Supporting Faculty with Open Pedagogy Practices through the Adoption and Design of OER
Concurrent Session 5
This session outlines the need at our institution for faculty support on OER adoption and authoring, describes the ways in which institutional partners collaborate in an on-going response, shares efficacy data on these solutions, and engages participants in a conversation to brainstorm and troubleshoot the application of these ideas.
During our session, we’ll outline the need for faculty support on the fundamentals of OER adoption and authoring, describe the ways in which institutional partners collaborate to develop an on-going response to this need, share data on the efficacy of these solutions, and engage participants in a conversation to brainstorm and troubleshoot ways in which these ideas can be applied at their home institutions.
With increased demand for OER support comes a responsibility and a need to educate faculty on the fundamentals of OER adoption and authoring. While institutional partners, including the university library, Student Success, and Academic Innovation divisions, have been working in the OER space since 2016, the COVID-19 pandemic highlighted the need for stronger campus partnerships for faculty teaching online with OER. The 2020-2021 academic year was a time of tumult and unprecedented change for our institution. With the abrupt and arduous shift to online learning in 2020, the need for OER increased a thousand-fold. For our students, the impact of the COVID-19 pandemic was acute as 45% of our institution’s undergraduates are first-generation college students and many students struggle to make ends meet. A national survey conducted in Summer 2020 revealed that first-generation college students are more likely than continuing generation students to face financial difficulties during the pandemic, including lost wages from family members, lost wages from employment, and increased living and technology expenses. Given the high numbers of first-generation students-students who are the first in their families to attend college-these impacts are felt deeply in our university community.
The OER team at our institution has observed a direct relationship between online teaching and innovation and the desire for open pedagogy resources and strategies. For faculty, the transition to online learning elevated the need for textbooks that are free, available online, and that can be tailored. Fresh from their experience with teaching online and with more remote teaching planned in the future, our faculty OER incentive programs continue to address these needs for faculty and students. Our team has developed a network of support for these faculty that includes a grant program, live online webinars, and asynchronous courses that faculty can leverage to better serve their students and lessen their financial burden. For example, faculty who participate in the grant program are connected with a team of teaching and learning professionals that advise them in aspects of their teaching from course design to pedagogy.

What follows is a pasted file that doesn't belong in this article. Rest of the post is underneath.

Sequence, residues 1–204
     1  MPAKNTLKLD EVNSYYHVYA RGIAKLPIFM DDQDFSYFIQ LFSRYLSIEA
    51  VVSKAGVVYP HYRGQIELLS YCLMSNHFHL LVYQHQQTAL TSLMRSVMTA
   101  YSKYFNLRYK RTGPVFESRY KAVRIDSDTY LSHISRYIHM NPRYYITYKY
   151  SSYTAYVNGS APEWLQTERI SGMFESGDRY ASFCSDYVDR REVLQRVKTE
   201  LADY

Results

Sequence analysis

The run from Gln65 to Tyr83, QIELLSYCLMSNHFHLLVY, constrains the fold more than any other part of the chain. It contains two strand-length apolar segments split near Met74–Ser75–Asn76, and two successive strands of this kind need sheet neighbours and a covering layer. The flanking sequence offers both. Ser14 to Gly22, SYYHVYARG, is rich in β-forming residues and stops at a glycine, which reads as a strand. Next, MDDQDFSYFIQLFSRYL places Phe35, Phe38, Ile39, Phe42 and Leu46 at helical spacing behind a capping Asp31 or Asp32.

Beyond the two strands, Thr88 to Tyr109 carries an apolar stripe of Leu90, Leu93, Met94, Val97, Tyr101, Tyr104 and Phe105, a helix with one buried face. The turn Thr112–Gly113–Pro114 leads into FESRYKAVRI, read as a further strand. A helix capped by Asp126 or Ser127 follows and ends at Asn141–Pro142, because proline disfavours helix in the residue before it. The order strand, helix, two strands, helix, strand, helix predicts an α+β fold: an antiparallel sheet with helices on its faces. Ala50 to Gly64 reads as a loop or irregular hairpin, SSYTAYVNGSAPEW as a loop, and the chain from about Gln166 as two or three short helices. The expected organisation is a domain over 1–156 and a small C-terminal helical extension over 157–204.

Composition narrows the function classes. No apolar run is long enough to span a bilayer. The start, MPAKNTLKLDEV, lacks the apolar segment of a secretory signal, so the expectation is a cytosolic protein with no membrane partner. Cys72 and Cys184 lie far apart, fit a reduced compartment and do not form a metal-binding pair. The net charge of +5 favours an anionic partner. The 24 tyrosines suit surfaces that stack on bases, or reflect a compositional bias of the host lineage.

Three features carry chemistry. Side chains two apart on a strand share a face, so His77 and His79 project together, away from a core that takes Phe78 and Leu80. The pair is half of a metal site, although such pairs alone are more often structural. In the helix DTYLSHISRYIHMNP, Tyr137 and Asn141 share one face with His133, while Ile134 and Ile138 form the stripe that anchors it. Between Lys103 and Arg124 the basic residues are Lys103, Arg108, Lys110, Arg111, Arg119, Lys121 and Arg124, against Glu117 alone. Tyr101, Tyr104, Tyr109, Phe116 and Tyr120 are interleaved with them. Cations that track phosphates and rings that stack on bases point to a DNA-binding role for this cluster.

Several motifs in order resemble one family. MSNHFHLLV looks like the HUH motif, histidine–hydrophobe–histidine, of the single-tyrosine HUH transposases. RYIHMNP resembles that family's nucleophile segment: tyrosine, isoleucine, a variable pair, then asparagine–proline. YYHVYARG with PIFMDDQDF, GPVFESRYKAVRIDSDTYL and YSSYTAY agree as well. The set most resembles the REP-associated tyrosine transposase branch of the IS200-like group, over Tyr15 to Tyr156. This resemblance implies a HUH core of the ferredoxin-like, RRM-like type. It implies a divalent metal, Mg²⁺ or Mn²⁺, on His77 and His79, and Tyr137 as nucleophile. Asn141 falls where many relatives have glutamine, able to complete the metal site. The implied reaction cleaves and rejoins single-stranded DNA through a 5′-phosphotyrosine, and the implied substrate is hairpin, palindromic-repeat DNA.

Our team continues to refine and improve each element of this support network based on the data and feedback we collect. Since 2016, our library has awarded 138 faculty grants, with a total investment of $182,000, yielding $10 million in student savings with a return on investment of $48 for every dollar spent. The library leads the campus in OER expansion and growth, nurturing faculty and campus partnerships in support of increased OER and affordable textbook adoption. Based on this captured data and discussions with other OER professionals, our team intends to expand this network of support to include making our courses and webinars more readily available to colleagues at other institutions, targeting marketing towards new faculty, scaffolding our offerings to ensure faculty become self-sufficient in adopting and designing OER, and highlighting the ways in which OER and open pedagogy thrives when students co-create course knowledge.
After understanding the ways in which we have addressed this faculty need for support, participants and facilitators will engage in a collaborative discussion about implementation strategies at the participants’ home institutions. Facilitators will prompt participants to consider their unique faculty and student populations, available resources, and potential barriers to the program or faculty engagement.